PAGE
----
My Pregnant Belly is Not Your Suggestion Box

Humour

My Pregnant Belly is Not Your Suggestion Box

Illustration: Arati Gujar

A few months back, my pregnancy came as a welcome news to me, my husband, parents, parents-in-law and my immediate family. I informed my close friends soon after, and all was well, that is, until my belly started showing. As soon as it became visually evident to people that I am nurturing life inside me, the advice taps opened full throttle and the torrential rain of wisdom came pouring in. Suddenly, everyone had a PhD in “How to handle a bulging stomach that doesn’t belong to us”.

“Don’t work so hard or you’ll stress the baby,” came one kind suggestion. “You’re taking it too easy, why don’t you exercise more,” offered another. A new mother warned me against going a mile near a cup of coffee because caffeine is apparently the new potassium cyanide in the ante-natal market. A colleague kindly suggested that I eat tons of saffron for a white baby, even though my husband and I are both brown and that’s really not how biology works. And to top it off, another gentleman informed me that my lower back pain was all in my head; that it was just a state of mind. Yes, because for every adult on the planet, carrying a 10kg barrel on their stomach for 24 hours everyday, would be a real breeze. Who am I to complain?

When in the run-up to the delivery, I decided to move closer to my parents. It inexplicably made a friend beat their chest about how I was going to be a burden on them. Apparently, even in 2019, a pregnant woman is duty bound to magically transform into an one-woman army who never needs any support from her family. It didn’t even stop there. While I was booking tickets for a college reunion that was scheduled for a few months after my delivery, I was reliably informed, according to the Judgements of Single Childless Men Vol 37 that a mother who travels with an infant is a bad parent. Of course, the fact that the source of this wisdom has neither a child, nor a uterus did not deter him from his enthusiastic uninvited participation in how I should raise my unborn child. How I treat my foetus and myself is something every Tom, Diksha Aunty, and Hari Kaka gets to have, and voice, strong opinions on. 

How I treat my foetus and myself is something every Tom, Diksha Aunty, and Hari Kaka gets to have, and voice, strong opinions on.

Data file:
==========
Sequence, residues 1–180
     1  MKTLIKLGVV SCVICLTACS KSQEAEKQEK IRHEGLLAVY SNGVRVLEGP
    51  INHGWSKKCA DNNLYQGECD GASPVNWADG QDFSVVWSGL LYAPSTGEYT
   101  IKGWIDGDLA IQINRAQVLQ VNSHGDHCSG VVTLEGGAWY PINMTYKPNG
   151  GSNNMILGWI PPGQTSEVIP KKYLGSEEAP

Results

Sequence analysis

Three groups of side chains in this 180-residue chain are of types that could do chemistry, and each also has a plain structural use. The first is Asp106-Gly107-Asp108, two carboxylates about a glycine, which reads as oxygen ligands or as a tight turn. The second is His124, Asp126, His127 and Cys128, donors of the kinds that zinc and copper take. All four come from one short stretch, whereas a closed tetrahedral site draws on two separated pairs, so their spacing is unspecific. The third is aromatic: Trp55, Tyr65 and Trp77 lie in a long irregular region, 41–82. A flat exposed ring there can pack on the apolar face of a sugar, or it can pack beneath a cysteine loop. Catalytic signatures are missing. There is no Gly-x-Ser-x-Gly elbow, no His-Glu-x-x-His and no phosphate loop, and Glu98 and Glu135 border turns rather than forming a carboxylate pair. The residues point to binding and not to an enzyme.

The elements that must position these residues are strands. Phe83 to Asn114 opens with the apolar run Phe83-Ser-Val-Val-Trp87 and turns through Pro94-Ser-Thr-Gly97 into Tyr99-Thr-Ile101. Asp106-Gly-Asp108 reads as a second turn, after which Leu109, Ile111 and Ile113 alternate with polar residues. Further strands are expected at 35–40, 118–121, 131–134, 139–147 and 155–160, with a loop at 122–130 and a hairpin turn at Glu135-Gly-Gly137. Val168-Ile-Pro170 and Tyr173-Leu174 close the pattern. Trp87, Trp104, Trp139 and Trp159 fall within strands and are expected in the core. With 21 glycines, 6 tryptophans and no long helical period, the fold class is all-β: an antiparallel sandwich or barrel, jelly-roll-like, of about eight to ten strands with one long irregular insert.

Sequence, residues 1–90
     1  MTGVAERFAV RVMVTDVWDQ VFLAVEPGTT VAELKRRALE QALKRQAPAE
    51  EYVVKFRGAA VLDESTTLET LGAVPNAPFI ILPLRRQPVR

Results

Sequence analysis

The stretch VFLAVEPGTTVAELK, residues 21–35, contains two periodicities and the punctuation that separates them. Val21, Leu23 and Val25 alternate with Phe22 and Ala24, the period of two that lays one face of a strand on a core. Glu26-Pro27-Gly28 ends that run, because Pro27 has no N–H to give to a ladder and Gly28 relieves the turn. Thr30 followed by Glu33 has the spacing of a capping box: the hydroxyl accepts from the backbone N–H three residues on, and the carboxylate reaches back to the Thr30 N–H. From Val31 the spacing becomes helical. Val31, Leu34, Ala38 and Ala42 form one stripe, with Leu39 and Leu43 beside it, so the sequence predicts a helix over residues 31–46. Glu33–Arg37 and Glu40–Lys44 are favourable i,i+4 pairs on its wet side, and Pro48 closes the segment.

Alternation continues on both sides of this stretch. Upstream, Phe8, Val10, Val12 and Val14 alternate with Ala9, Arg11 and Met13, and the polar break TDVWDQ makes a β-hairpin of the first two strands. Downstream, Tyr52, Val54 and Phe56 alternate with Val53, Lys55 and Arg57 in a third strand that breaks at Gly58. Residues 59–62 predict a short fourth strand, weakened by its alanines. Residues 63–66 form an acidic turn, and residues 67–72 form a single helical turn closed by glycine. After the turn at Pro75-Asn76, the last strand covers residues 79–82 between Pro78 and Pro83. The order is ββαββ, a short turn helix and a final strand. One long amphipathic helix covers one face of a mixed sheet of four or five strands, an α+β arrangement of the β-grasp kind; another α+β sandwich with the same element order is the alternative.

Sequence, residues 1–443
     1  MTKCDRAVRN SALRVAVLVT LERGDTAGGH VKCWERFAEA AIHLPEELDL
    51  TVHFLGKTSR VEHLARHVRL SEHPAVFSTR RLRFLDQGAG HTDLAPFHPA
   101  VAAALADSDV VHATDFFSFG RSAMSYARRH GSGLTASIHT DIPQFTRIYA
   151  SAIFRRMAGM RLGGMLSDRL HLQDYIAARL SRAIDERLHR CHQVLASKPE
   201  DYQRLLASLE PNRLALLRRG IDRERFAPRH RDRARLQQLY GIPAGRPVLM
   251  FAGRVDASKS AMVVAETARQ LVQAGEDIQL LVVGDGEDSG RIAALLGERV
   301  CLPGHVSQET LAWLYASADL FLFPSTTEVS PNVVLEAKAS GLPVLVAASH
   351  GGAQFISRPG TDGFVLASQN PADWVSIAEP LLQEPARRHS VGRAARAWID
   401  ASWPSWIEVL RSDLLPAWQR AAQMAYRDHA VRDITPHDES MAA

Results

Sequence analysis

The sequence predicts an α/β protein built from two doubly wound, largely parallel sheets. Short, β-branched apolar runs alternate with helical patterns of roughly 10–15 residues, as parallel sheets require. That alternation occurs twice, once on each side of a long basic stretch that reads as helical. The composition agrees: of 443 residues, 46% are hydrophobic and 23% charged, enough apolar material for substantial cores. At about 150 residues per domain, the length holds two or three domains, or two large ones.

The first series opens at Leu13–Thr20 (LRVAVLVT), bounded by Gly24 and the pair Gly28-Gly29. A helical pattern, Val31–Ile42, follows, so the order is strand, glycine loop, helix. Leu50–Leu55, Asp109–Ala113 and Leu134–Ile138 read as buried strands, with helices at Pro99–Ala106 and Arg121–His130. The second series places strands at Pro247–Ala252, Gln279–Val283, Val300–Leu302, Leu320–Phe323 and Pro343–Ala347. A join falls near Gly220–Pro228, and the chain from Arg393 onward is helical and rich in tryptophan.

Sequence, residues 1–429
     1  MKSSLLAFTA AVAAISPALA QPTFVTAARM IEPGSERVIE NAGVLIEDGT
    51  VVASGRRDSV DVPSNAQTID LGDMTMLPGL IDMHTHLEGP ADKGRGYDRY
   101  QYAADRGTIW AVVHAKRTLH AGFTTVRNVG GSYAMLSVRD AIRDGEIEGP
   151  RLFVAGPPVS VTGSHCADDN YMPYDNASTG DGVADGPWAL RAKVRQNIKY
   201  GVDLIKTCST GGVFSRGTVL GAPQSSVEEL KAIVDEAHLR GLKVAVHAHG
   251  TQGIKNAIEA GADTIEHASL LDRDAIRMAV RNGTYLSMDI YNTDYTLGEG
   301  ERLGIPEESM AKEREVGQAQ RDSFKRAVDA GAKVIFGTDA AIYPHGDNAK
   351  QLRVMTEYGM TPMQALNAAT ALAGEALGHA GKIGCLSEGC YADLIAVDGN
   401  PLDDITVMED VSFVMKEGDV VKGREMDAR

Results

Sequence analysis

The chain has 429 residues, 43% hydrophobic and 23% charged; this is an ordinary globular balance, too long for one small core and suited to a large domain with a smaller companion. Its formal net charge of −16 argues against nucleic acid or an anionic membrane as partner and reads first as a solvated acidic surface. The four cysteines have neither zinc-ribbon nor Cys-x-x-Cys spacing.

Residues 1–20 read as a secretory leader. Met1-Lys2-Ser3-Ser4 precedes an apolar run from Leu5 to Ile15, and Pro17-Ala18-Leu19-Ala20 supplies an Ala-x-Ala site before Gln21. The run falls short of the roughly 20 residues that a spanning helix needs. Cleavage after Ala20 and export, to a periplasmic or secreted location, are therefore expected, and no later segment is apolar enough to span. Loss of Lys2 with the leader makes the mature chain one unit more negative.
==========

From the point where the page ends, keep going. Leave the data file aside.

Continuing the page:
You see, something happens to the world when they see a pregnant belly. Suddenly your body is no longer yours – it is a public referendum and the Indian democracy is vibrantly functional. It’s as if everyone magically wakes up to the realisation that they have to justify their existence as an unnecessary advice dispenser whenever there is a pregnant belly in the vicinity. Being at the receiving end of this volley of instructions, what has continued to amuse me is the confidence with which people keep dispensing thee nuggets of wisdom, blissfully unaware of the numerous boundaries they’re crossing. I suppose, there are very few things that Indians love more than regulating the bodies of women. A pregnant woman then, is your average nosy Indian’s favourite event.

In the last few months, I’ve had the good fortune of being acquainted with all these self-appointed Womb Warriors and I can’t seem to stop wondering one thing: Us, Bulging Bellies don’t come into your homes and micromanage how you wipe your bums, so maybe you could leave how we manage our uterus to us? An easy way to mind your business might be this rule of thumb: If you are not our parents or our gynaecologist, please feel free to not have opinions about what’s happening inside our bodies. 

Before you scrunch up your face complaining about how you were “just trying to help”, let me assure you that we see you. But the next time you feel the urge to participate in procreation vicariously through us, how about you carry our bags or hand us a cushion? We could always use another cushion. And if that doesn’t satisfy your contributive spirit, go ahead and offer us a foot-rub. We promise we won’t say no. Focus on the swollen ankles please, thank you.

P.S: Watch this space for our follow-up public interest notice titled, “You are not Navjot Singh Siddhu and My Child’s Upbringing is Not Your Reality Show to Judge”.

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